March 12, 2014
ONE OF INSTAPUNDIT’S MANY READERS FROM THE INTELLIGENCE COMMUNITY WRITES:
I don’t have a whole lot of institutional love for CIA, but I do feel the need to defend their honor on at least some point of what being misreported….
The first media reports and screaming headlines made it seem like CIA had sent wet-work teams to break into DiFi’s office to bug her computer, ala Watergate. Slowly the hysteria has been walked back, but some still persists. The Arstechnica headline for instance: “How CIA snooped on Senate Intel Committee’s files: It’s easy to search someone’s network when you hired the IT department.”
First, they weren’t SSCI’s files, they were CIA files in a CIA database that SSCI staffers were allowed access to. Additionally, it wasn’t “someone’s network” (i.e. SSCI’s), it was a CIA network that contained said database and files. So of course they hired the IT department. But if you read most of the press, you would think CIA was hacking Capitol Hill…
I highly recommend Eli Lake’s article from last Friday, for a balanced piece of reporting.
Now whether or not the monitoring/auditing done was normal innocuous IT activity, or the crime that DiFi seems to think it is, I have no idea. But I do know that most reporting has been based on speculation, misinterpretation, and projection, not actual facts. Like the ones Eli Lake was able to report.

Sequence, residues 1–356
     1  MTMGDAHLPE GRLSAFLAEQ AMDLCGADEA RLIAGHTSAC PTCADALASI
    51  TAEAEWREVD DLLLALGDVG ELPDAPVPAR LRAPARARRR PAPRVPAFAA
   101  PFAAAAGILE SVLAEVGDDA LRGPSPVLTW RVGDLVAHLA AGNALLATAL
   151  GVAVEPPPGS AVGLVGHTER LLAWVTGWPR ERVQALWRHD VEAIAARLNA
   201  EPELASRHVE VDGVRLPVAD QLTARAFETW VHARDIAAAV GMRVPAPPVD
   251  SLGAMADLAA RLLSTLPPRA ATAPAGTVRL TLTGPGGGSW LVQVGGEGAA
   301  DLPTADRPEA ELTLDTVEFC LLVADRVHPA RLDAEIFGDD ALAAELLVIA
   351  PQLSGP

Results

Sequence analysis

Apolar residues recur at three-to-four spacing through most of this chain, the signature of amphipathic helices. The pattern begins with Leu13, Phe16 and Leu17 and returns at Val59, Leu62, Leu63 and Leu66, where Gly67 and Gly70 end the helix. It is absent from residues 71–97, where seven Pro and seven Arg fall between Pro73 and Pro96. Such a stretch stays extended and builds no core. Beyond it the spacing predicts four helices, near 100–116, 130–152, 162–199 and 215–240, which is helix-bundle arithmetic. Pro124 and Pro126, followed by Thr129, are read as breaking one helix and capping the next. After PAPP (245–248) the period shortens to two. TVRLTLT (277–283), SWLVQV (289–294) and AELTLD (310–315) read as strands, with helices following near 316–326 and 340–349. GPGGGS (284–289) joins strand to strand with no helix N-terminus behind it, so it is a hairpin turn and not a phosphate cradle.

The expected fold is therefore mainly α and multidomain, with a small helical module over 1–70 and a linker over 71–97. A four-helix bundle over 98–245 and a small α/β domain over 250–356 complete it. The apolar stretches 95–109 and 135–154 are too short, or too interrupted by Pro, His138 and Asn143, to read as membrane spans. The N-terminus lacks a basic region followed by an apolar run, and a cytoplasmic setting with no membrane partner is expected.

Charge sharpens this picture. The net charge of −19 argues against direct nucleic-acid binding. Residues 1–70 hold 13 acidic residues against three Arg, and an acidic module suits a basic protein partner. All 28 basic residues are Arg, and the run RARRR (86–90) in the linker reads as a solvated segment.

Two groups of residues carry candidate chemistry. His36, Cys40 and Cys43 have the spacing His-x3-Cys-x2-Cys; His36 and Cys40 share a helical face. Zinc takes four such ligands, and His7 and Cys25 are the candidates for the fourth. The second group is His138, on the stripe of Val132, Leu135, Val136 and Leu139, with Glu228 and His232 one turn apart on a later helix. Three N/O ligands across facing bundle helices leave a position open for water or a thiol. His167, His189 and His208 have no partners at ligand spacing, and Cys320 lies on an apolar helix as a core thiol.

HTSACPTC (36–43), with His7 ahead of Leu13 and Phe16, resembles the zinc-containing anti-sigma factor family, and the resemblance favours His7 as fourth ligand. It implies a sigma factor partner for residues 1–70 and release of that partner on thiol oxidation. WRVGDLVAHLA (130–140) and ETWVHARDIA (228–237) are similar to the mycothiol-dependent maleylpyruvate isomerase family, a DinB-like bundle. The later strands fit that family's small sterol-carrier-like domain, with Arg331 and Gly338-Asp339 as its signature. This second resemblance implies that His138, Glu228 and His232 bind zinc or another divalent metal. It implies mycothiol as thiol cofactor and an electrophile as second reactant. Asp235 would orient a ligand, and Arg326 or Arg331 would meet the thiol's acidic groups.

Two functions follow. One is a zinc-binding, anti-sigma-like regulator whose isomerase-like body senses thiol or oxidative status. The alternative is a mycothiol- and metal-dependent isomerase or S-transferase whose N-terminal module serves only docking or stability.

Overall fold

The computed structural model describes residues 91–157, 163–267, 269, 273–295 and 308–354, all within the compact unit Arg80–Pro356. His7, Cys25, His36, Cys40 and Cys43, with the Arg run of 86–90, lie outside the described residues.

On one last note, I am not sure how DiFi can claim that this is some grand 4th Amendment violation, given that the staffers are USG employees, doing USG work, on USG systems. Even if the activity was illegal, it in no way violated their personal expectations of privacy. Every USG computer system (and phone) is required to have disclaimers stating that their use implies a “Consent to be monitored”.
And given that post-Snowden NSA was roasted for not monitoring what files their own people could access, shouldn’t we applaud CIA to for perhaps tracking which files non-agency employees accessed?
Everything should generate an audit trail. It’s not clear that’s what happened here, though to be fair, it’s not clear it isn’t, though I believe DiFi and her staffers were promised that no one would track what they looked at, and that promise was broken. But — and this is my key point — while spying on foreigners is fine, trust in the intelligence community has taken a hit in no small part because so many other parts of the bureaucracy that are supposed to be apolitical have been politicized and weaponized by the Obama Administration. That kind of damage takes a generation to undo.